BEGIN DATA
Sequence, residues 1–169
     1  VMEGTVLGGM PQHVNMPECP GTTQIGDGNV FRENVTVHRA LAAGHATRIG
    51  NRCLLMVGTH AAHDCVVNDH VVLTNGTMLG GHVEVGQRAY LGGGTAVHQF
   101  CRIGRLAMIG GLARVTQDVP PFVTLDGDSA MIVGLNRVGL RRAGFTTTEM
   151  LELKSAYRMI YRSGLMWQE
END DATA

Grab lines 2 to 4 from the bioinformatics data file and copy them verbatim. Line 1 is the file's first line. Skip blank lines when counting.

     1  VMEGTVLGGM PQHVNMPECP GTTQIGDGNV FRENVTVHRA LAAGHATRIG
    51  NRCLLMVGTH AAHDCVVNDH VVLTNGTMLG GHVEVGQRAY LGGGTAVHQF
   101  CRIGRLAMIG GLARVTQDVP PFVTLDGDSA MIVGLNRVGL RRAGFTTTEM